Approximating the Weight of the Euclidean Minimum Spanning Tree in Sublinear Time
"... We consider the problem of computing the weight of a Euclidean minimum spanning tree for a set of n points in Rd. We focus on the setting where the input point set is supported by certain basic (and commonly used) geometric data structures that can provide efficient access to the input in a struct ..."
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We consider the problem of computing the weight of a Euclidean minimum spanning tree for a set of n points in Rd. We focus on the setting where the input point set is supported by certain basic (and commonly used) geometric data structures that can provide efficient access to the input in a structured way. We present an algorithm that estimates with high probability the weight of a Euclidean minimum spanning tree of a set of points to within 1 + " using only eO(pn poly(1=")) queries for constant d. The algorithm assumes that the input is supported by a minimal bounding cube enclosing it, by orthogonal range queries, and by cone approximate nearest neighbors queries.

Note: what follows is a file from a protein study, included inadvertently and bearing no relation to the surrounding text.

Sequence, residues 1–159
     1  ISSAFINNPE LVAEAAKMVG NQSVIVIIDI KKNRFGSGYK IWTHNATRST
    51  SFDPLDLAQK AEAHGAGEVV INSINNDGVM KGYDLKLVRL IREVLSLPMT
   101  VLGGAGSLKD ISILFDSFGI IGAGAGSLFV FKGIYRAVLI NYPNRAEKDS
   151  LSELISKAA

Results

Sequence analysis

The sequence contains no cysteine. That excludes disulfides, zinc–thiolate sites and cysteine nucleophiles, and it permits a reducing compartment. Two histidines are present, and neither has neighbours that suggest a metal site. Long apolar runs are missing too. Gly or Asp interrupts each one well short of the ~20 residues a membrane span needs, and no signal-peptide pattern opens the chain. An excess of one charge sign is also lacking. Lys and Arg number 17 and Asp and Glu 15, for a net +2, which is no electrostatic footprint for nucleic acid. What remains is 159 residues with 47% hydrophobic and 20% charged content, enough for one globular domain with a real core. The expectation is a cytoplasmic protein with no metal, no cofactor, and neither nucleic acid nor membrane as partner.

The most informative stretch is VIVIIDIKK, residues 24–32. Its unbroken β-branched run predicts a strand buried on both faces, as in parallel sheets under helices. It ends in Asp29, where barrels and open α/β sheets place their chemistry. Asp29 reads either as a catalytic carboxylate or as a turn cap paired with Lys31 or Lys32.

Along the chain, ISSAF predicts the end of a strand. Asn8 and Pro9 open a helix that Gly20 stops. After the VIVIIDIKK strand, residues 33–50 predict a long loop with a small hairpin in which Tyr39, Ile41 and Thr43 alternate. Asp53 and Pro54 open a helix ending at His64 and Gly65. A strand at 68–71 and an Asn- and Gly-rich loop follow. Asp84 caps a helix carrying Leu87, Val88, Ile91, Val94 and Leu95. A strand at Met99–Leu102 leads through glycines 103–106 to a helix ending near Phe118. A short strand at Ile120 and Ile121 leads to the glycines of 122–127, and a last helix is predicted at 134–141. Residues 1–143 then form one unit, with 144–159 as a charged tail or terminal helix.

Approximate Testing of Visual Properties
 Proc. Sixth Int’l Workshop Approximation Algorithms for Combinatorial Optimization Problems
, 2003
"... Abstract. We initiate a study of property testing as applied to visual properties of images. Property testing is a rapidly developing area investigating algorithms that, with a small number of local checks, distinguish objects satisfying a given property from objects which need to be modified signif ..."